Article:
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Author Notes: From my book, Modern Art Desserts, these are traditional Mexican cookies with a bit of a twist in the form of Nocino (Italian walnut liqueur). Inspired by the Frida Kahlo painting "Frieda and Diego Rivera", a wedding portrait of the artist and her husband, I developed these cookies to be served in a box decorated with all of my favorite things from the painting: the little chubby bird, the ribbon in the bird's beak, the way she wrote 1931, and the charming design on her little tiny shoes. With or without the box, these are a delicious and simple little cookie that goes great with some coffee or afternoon tea.
Note: If nocino is not available, vanilla extract can take its place. The key to creating a nice, spherical cookie is to thoroughly chill the dough before baking. The bottoms will flatten slightly, but the cookies will stay round otherwise. —Caitlin Freeman
Makes 80 small cookies
cup (4 oz / 114 g) walnuts
cup (2 oz / 57 g) confectioners’ sugar, plus more for rolling
cup (8 oz / 227 g) unsalted butter, at room temperature
teaspoon Maldon sea salt (or other coarse grained sea salt)
tablespoon nocino (see Note, above)
cups (8.6 oz / 245 g) all-purpose flour
- In a medium, heavy-bottomed skillet, toast the walnuts over medium heat, shaking often, until fragrant and lightly browned, about 5 minutes. Transfer the walnuts to a bowl or plate and freeze until thoroughly chilled, at least 1 hour or for up to 2 months.
- Place the frozen walnuts (they’re more easily processed when they’re cold) and 1/4 cup (1 oz / 28 g) of the confectioners’ sugar in a food processor and pulse until the mixture resembles coarse sand.
- Combine the flour and walnut mixture in a medium bowl and set aside. In the bowl of a stand mixer fitted with the paddle attachment, beat the butter on low speed until smooth, 1 to 2 minutes. Sift in the remaining 1/4 cup (1 oz / 28 g) of confectioners’ sugar, add the salt, and mix on low speed until combined. Scrape down the bowl with a rubber spatula, and then beat on medium speed until the mixture is light and fluffy, 4 to 5 minutes. Add the nocino and beat until incorporated, about 20 seconds. Scrape down the bowl, then add the flour mixture and mix on low speed just until the dough is uniform, about 15 seconds. Cover the bowl tightly with plastic wrap and refrigerate for at least 3 hours or up to 5 days.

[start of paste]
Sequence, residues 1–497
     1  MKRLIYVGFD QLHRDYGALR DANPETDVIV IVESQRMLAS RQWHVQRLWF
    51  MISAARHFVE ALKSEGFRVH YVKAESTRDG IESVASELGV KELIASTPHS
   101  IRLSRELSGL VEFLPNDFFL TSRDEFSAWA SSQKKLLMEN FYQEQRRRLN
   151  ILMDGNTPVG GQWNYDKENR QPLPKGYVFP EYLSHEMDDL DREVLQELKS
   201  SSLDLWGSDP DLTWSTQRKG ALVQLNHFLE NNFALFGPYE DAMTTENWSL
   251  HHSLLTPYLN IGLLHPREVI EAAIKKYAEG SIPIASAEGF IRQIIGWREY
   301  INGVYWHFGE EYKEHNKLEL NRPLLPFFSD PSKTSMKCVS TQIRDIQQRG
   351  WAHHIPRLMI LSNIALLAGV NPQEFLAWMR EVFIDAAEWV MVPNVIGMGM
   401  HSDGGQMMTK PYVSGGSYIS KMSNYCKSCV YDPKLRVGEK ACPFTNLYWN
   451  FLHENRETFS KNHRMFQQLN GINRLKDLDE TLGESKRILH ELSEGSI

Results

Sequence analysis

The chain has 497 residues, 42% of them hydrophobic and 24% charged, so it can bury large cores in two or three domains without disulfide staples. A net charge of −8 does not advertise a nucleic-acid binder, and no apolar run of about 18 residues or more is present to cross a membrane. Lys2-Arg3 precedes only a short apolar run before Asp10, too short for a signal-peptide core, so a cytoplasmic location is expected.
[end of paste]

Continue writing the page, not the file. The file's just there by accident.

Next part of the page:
- Portion the chilled dough into teaspoon-sized (0.25 oz / 7 g) pieces, and then roll each piece into a ball between your hands. Set the balls on a large plate, cover with plastic wrap, and refrigerate for at least 30 minutes, or up to 1 week.
- Position racks in the upper and lower thirds of the oven. Preheat the oven to 350°F. Line 2 baking sheets with parchment paper.
- Place the chilled balls on the prepared baking sheets, spacing them about 1 inch apart. Bake, rotating the baking sheets midway through baking, until the cookies are fragrant and lightly golden around the edges, 10 to 12 minutes.
- Let the cookies cool for a few minutes on the baking sheets, and then use a spatula to transfer them to a wire rack to finish cooling. Once the baking sheets are no longer warm, bake the remaining dough balls and let the cookies cool completely.
- Just before serving, sift about 1/2 cup (2 oz / 57 g) of confectioners’ sugar into a medium bowl. Roll the cooled cookies in the sugar until coated on all sides.